Russian billionaire Roman Abramovich, the owner of Chelsea football club, won his bitter legal battle with fellow oligarch Boris Berezovsky in a British court on Friday.
Berezovsky, 66, was seeking more than £3 billion ($4.75 billion, 3.8 billion euros) in damages from Abramovich after accusing the 45-year-old of blackmail, breach of trust and breach of contract.
But Judge Elizabeth Gloster ruled in Abramovich's favour at London's High Court after a four-month trial and described Berezovsky as an "unimpressive and inherently unreliable witness".
Berezovsky claimed Abramovich had "betrayed" him and "intimidated" him into selling shares in the Russian oil company Sibneft for a "mere 1.3 billion dollars". Abramovich firmly denied the allegations.
The judge said the case boiled down to "whether to believe Berezovsky or Abramovich".
Because the allegations "depended so very heavily on the oral evidence of Mr Berezovsky, the court needed to have a high degree of confidence in the quality of his evidence", she said.
"That meant confidence not only in his ability to recollect things accurately, but also in his objectivity and truthfulness as a witness."
In a lengthy judgement, she added: "On my analysis of the entirety of the evidence, I found Mr Berezovsky an unimpressive, and inherently unreliable, witness, who regarded truth as a transitory, flexible concept, which could be moulded to suit his current purposes."
She said that "on occasions he tried to avoid answering questions by making long and irrelevant speeches, or by professing to have forgotten facts which he had been happy to record in his pleadings or witness statements".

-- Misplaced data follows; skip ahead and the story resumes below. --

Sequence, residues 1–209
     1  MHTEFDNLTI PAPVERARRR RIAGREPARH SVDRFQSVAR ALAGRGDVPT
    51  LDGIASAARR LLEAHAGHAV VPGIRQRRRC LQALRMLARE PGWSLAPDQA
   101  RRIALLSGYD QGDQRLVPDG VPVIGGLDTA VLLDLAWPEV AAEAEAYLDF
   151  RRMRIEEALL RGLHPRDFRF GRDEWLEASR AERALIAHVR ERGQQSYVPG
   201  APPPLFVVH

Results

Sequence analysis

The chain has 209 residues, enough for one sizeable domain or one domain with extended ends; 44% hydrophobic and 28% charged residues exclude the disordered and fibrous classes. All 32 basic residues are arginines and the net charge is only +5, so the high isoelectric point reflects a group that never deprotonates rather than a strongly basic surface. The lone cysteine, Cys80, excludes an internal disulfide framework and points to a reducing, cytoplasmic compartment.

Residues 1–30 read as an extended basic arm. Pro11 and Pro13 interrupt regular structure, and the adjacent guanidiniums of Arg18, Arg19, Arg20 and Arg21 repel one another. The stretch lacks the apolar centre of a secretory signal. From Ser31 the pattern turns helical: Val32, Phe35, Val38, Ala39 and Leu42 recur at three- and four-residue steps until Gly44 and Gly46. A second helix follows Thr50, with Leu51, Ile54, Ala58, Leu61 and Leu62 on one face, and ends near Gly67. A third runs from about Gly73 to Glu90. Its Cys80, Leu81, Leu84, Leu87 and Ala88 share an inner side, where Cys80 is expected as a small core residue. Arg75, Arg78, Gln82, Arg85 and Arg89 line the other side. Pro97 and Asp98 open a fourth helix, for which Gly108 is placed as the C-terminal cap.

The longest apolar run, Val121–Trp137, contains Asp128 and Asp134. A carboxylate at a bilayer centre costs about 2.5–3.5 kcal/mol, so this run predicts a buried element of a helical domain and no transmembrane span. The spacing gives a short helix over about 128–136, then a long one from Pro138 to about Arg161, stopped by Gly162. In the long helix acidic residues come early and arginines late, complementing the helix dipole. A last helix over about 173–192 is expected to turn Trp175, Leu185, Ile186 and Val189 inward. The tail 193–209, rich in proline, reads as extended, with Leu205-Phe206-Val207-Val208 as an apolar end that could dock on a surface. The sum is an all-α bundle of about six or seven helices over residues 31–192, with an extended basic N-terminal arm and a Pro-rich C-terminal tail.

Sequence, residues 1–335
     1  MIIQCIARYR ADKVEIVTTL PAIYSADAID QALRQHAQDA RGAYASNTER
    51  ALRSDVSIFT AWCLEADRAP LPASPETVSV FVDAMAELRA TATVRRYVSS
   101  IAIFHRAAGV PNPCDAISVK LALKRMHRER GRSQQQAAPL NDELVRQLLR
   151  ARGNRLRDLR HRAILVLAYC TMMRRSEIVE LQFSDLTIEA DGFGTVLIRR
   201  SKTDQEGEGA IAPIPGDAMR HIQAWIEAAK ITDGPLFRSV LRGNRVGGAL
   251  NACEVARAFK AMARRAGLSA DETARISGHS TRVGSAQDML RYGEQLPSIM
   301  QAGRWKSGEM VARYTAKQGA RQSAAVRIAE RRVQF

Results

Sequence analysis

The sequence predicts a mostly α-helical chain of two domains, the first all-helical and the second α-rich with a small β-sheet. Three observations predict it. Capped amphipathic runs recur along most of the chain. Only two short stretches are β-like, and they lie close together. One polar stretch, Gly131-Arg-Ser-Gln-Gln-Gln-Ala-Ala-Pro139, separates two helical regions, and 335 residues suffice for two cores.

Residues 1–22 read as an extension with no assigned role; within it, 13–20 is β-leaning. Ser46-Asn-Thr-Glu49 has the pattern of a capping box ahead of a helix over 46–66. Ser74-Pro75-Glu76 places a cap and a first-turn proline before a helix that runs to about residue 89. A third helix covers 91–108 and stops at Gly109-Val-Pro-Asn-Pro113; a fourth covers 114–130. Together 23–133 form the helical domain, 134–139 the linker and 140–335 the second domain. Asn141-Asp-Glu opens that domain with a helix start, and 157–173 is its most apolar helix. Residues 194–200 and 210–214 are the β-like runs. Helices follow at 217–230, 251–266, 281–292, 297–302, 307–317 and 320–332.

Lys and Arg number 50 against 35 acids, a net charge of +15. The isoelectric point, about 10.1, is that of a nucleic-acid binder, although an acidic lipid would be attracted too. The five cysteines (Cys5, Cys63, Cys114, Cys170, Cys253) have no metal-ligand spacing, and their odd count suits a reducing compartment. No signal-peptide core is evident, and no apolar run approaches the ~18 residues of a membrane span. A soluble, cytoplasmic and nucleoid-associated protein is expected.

Speaking outside court, Berezovsky said he was "absolutely amazed" by the ruling, which he claimed could have been written by Russian President Vladimir Putin, his arch-enemy.
"Lady Gloster took responsibility to rewrite Russian history," Berezovsky said.
"I don't understand. Sometimes I have the impression that Putin himself wrote this judgement."
Abramovich said in a statement that his belief that there had been no merit in Berezovsky's allegations had been "comprehensively vindicated by the court".
In a brief comment on the judgement, Putin's press secretary Dmitry Peskov said it was "always pleasant when slander is called by its true name".
Abramovich and Berezovsky spent a reported total of 100 million pounds fighting the case, which has involved an army of lawyers.
The trial shone a spotlight on the lavish lifestyles of the oligarchs, and the political influence that Berezovsky wielded when Boris Yeltsin was Russian president in the 1990s.
Abramovich told the court that Berezovsky was paid millions of pounds for his services as a "political godfather" but was not a business partner of his.
Berezovsky fled Russia in 2000 after he fell out with Putin during his first term as president.
He enjoyed a reputation as being the power behind the Kremlin throne when Yeltsin, in failing health, was forced to frequently remove himself from daily affairs and hand key decisions to advisors.
Berezovsky once claimed credit for the idea of picking Putin as Yeltsin's chosen successor before admitting that the plan backfired when the new Russian leader surrounded himself with more trusted agents instead.
The so-called Kremlin "family" that clustered around Yeltsin at the time included Berezovsky and the president's daughter as well as several other tycoons who were cast out once Putin rose to power.
London-based Abramovich bought Chelsea in 2003 and has pumped hundreds of million pounds into the club, who became European champions in May this year.